A caravan of nearly 2,000 Central American migrants arrived at the U.S.-Mexico border this week, hoping to apply for asylum in the small Texas town of Eagle Pass. But they might have to wait a while before that can happen.
U.S. Customs and Border Protection officials told NBC agents in Eagle Pass can only process about 20 asylum seekers per day. And the outlet says there aren't currently any plans to send more officers to help with the asylum procedures, which include administering a credible-fear interview.
The situation in Eagle Pass isn't unique. Thousands of migrants who arrived at the border crossing near Tijuana in November were told they've had to wait weeks, possibly months, before getting to apply for Asylum. The U.S. allows 40 to 90 people to apply for asylum each day at that port of entry.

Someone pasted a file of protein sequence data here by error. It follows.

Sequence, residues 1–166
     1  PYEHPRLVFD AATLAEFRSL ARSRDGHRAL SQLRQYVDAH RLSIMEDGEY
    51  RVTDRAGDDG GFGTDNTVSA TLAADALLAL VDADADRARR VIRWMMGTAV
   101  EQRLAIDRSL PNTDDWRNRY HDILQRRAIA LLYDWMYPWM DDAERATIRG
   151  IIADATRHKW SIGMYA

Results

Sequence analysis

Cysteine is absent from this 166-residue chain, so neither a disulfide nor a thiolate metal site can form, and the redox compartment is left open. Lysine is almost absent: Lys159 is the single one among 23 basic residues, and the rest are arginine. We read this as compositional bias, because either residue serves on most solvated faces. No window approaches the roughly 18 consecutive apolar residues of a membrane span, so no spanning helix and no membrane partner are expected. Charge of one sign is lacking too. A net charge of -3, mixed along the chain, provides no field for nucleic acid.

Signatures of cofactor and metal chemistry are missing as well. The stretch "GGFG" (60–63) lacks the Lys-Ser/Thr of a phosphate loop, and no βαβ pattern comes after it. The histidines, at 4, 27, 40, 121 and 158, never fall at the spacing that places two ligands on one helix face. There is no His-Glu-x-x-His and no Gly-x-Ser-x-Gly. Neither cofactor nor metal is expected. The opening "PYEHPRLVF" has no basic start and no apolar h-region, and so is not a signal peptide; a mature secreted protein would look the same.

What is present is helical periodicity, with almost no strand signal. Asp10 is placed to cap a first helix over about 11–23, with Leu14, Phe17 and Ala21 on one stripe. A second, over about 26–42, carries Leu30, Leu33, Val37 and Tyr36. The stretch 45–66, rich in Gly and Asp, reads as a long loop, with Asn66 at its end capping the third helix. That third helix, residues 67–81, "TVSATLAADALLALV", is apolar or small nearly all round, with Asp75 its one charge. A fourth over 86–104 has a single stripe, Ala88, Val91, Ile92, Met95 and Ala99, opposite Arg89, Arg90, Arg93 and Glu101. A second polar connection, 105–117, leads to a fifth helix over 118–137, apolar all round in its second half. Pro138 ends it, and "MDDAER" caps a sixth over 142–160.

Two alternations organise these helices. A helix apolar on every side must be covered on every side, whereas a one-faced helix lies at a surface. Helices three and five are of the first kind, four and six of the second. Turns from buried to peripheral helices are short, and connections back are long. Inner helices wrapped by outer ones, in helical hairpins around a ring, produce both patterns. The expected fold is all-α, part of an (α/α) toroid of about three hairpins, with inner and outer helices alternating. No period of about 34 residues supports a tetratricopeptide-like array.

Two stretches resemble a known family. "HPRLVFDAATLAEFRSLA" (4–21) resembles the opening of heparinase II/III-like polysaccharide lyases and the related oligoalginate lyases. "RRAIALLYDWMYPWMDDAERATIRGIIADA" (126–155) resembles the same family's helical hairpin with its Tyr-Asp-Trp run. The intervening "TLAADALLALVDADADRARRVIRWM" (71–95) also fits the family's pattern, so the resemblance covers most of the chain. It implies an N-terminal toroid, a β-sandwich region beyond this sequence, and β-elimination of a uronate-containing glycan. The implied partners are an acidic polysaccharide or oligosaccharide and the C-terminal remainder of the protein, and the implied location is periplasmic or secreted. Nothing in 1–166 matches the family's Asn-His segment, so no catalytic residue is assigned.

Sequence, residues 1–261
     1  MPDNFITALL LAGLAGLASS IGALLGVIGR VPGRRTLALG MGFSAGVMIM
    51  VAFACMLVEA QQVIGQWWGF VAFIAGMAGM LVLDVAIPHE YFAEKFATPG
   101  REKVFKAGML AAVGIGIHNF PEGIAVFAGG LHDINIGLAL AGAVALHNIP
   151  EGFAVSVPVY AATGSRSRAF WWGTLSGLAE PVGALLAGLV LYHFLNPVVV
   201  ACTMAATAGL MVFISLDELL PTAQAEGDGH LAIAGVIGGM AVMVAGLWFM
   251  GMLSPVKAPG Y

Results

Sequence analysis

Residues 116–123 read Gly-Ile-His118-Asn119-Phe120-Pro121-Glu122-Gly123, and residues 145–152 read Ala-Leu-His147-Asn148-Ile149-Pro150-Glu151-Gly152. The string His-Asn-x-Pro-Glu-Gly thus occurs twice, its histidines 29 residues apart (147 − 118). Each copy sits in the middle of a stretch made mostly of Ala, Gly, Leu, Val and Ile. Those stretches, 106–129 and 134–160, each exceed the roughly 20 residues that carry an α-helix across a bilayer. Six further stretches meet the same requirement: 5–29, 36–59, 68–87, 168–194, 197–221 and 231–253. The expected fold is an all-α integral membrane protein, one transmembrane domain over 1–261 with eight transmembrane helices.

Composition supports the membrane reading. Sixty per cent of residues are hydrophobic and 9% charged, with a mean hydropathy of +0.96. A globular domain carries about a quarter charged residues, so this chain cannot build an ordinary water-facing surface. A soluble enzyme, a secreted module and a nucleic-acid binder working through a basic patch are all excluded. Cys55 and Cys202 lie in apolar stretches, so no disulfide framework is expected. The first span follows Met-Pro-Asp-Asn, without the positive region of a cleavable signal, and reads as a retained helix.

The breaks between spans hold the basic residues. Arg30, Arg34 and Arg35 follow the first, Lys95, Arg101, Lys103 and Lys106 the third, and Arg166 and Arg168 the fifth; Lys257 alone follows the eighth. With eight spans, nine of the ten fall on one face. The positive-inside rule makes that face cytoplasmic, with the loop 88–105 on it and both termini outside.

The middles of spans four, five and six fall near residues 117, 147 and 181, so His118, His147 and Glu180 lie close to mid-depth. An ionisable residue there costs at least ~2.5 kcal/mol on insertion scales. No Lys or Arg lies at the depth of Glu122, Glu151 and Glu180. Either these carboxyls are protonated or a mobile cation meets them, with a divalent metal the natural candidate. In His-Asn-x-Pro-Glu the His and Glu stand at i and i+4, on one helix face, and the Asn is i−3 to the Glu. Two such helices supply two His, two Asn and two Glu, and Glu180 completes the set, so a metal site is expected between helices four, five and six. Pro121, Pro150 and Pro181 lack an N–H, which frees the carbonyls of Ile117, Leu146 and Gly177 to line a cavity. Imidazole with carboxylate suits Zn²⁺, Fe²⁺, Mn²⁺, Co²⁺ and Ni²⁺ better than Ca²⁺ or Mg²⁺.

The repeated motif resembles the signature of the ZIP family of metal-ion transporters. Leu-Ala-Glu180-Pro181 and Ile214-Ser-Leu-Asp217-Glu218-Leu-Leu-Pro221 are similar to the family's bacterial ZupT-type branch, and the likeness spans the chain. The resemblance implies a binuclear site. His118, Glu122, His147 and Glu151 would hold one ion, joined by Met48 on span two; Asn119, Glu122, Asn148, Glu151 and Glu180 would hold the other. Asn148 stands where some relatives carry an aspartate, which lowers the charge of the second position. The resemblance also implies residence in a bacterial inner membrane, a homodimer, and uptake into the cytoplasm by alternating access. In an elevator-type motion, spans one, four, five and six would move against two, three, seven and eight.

And the U.S. asylum system has faced a backlog for some time. In December, the Department of Homeland Security said it was working through a backlog of more than 786,000 pending cases.
The Pentagon said Wednesday it was moving roughly 250 active duty military personnel to Eagle Pass in anticipation of the caravan's arrival. Those troops include medical personnel and military police.
Department of Homeland Security Secretary Kirstjen Nielsen said in a statement that illegal entry by the "lawless" caravan "will not be tolerated, and we stand ready to prevent it."
Additional reporting from Newsy affiliate CNN.